US Pharm. 2013;38(7):HS-16.
Until now, the precise way that untreated HIV infection destroys a person’s immune system has been a mystery. Research by scientists at the National Institute of Allergy and Infectious Diseases, part of the National Institutes of Health, reveals how HIV triggers a signal telling an infected immune cell to die. This research result has potential implications for protecting the immune systems of patients with HIV.
The scientists found that when HIV replicates and inserts its genes into the DNA of a CD4+ T cell, DNA-dependent protein kinase (DNA-PK) becomes activated. As HIV integrates its genes into cellular DNA, single-stranded breaks occur where viral and cellular DNA meet. The scientists discovered that the DNA breaks during HIV integration surprisingly activate DNA-PK, which causes the T cell to die.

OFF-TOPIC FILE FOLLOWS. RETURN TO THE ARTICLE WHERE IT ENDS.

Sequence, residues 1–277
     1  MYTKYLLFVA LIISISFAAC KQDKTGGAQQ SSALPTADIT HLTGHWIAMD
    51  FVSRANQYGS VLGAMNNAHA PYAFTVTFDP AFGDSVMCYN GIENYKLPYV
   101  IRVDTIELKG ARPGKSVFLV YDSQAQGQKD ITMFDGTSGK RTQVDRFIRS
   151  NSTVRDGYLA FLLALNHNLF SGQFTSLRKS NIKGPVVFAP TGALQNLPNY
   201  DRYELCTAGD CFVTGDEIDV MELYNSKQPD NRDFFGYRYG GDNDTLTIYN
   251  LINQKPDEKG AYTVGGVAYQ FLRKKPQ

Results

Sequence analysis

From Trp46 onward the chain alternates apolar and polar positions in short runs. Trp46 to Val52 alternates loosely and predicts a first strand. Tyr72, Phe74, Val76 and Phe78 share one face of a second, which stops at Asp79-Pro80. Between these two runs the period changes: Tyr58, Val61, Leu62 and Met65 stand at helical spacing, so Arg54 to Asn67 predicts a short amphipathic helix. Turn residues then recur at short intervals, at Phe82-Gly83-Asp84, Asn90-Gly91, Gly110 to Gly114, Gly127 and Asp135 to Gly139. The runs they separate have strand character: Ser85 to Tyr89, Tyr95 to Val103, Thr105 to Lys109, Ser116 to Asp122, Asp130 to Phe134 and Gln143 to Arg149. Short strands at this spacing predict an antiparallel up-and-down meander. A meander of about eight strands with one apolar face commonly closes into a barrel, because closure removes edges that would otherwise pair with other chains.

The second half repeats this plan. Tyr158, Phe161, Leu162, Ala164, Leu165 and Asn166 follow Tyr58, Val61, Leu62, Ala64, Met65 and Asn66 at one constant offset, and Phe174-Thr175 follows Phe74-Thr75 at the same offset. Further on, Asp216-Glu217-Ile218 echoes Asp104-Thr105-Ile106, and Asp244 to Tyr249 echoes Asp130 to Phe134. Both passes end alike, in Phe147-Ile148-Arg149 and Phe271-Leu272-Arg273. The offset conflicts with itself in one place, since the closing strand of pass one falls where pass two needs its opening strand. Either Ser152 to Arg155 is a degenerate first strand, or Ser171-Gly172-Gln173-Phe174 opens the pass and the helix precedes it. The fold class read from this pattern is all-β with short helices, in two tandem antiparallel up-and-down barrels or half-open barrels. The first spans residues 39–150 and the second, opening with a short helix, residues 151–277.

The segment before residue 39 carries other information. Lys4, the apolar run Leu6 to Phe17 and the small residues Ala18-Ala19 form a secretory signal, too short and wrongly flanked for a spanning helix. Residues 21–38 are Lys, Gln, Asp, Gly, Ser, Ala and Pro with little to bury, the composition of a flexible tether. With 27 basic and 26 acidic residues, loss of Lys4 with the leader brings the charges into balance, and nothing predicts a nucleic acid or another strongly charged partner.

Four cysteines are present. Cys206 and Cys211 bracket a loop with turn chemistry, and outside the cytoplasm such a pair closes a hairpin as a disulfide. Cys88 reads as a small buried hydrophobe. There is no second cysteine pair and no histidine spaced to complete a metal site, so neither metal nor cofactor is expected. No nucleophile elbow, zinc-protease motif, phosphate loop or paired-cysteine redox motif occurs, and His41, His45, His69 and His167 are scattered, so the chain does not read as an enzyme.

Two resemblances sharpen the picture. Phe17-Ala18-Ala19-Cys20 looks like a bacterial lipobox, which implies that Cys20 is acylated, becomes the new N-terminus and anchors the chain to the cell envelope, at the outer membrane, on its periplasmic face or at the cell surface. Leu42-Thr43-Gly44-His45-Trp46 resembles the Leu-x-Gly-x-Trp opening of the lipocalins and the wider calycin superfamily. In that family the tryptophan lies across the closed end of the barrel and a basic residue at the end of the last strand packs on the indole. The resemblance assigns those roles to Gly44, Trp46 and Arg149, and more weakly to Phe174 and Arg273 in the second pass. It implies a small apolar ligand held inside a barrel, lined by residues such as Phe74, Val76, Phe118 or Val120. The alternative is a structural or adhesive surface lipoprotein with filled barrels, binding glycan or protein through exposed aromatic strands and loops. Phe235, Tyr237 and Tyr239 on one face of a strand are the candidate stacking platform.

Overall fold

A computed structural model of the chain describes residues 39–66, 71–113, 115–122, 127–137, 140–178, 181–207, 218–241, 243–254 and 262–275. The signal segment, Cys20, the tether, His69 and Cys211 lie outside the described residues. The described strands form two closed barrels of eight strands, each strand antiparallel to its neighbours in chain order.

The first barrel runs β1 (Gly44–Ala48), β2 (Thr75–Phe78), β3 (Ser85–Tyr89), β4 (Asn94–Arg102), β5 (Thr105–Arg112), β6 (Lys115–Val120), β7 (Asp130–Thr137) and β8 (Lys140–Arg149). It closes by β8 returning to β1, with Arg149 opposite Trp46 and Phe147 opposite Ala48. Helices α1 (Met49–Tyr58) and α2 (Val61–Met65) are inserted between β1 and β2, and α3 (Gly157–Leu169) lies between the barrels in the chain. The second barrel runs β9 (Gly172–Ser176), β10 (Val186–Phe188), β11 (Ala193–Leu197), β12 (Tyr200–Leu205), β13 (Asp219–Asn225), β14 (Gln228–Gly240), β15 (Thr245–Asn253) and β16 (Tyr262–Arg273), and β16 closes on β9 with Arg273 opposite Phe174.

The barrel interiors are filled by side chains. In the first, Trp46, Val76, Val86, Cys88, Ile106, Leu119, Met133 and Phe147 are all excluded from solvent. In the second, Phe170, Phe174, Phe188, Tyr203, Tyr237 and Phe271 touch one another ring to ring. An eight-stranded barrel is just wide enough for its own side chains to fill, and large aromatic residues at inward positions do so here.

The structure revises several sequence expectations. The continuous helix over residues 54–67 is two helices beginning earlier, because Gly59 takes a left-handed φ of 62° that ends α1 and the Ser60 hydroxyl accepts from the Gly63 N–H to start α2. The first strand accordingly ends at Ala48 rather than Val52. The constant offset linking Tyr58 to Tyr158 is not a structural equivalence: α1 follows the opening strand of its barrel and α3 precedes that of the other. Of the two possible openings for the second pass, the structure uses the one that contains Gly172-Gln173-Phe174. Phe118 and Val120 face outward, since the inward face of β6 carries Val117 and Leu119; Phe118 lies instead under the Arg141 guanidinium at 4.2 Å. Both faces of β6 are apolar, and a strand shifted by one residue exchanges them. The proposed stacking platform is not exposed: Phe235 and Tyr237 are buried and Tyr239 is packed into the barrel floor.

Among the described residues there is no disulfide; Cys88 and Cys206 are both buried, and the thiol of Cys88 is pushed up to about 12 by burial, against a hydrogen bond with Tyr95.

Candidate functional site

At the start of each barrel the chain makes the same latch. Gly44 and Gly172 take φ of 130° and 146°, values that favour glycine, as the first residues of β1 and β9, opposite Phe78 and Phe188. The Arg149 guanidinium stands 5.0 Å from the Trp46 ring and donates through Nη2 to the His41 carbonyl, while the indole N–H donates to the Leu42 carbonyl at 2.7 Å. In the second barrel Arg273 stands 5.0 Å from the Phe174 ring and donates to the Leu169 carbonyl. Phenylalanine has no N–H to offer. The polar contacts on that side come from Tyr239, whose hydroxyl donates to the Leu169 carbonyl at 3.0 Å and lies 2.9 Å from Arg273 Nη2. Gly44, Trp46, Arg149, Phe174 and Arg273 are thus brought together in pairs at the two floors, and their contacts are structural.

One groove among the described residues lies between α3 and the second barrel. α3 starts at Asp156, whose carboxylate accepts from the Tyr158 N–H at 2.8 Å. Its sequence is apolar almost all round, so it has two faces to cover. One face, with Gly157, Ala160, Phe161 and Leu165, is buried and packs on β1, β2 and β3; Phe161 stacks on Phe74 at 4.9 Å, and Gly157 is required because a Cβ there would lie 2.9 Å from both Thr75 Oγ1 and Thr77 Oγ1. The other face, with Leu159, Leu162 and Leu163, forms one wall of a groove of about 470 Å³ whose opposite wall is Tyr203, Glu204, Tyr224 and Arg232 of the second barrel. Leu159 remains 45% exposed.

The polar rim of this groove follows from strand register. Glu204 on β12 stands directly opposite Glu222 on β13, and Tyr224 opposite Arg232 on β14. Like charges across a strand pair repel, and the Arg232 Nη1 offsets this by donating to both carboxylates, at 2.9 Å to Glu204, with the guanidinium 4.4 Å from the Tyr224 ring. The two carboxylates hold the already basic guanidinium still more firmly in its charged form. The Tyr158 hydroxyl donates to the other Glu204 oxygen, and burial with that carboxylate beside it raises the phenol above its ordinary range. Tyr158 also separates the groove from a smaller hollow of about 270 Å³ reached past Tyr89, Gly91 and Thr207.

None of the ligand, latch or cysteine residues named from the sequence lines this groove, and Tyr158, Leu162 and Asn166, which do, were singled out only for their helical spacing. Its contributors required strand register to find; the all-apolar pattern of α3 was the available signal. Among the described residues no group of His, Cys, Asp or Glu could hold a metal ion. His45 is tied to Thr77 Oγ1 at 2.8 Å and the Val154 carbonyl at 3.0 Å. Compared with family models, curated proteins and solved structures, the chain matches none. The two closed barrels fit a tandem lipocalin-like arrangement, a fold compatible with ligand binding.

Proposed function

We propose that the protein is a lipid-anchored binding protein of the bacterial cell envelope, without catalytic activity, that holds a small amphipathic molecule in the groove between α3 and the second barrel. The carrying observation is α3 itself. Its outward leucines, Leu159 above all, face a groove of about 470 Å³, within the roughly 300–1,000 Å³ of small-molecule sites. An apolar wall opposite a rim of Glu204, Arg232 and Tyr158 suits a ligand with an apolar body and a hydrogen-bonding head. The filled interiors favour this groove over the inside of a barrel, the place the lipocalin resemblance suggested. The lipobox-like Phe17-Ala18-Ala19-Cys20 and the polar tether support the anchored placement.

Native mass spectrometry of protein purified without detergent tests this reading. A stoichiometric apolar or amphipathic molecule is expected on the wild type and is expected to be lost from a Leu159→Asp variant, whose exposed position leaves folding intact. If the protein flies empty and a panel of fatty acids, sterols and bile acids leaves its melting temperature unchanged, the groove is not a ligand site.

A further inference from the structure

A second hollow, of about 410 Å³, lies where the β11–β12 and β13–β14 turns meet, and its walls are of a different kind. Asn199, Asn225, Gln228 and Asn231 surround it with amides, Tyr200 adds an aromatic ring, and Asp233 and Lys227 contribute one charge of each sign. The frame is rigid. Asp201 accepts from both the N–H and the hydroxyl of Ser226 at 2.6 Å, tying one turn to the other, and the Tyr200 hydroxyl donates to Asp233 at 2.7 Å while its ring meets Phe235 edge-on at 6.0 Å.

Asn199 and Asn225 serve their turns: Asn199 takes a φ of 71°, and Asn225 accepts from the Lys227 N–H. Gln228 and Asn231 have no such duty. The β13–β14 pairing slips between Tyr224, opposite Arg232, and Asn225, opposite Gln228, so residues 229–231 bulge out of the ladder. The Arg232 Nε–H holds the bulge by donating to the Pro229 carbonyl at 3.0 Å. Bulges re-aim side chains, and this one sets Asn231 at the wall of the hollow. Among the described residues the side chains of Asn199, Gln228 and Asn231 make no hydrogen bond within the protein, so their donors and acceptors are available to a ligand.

These new findings suggest that treating HIV-infected individuals with drugs that block early steps of viral replication may improve CD4+ T-cell survival and immune function.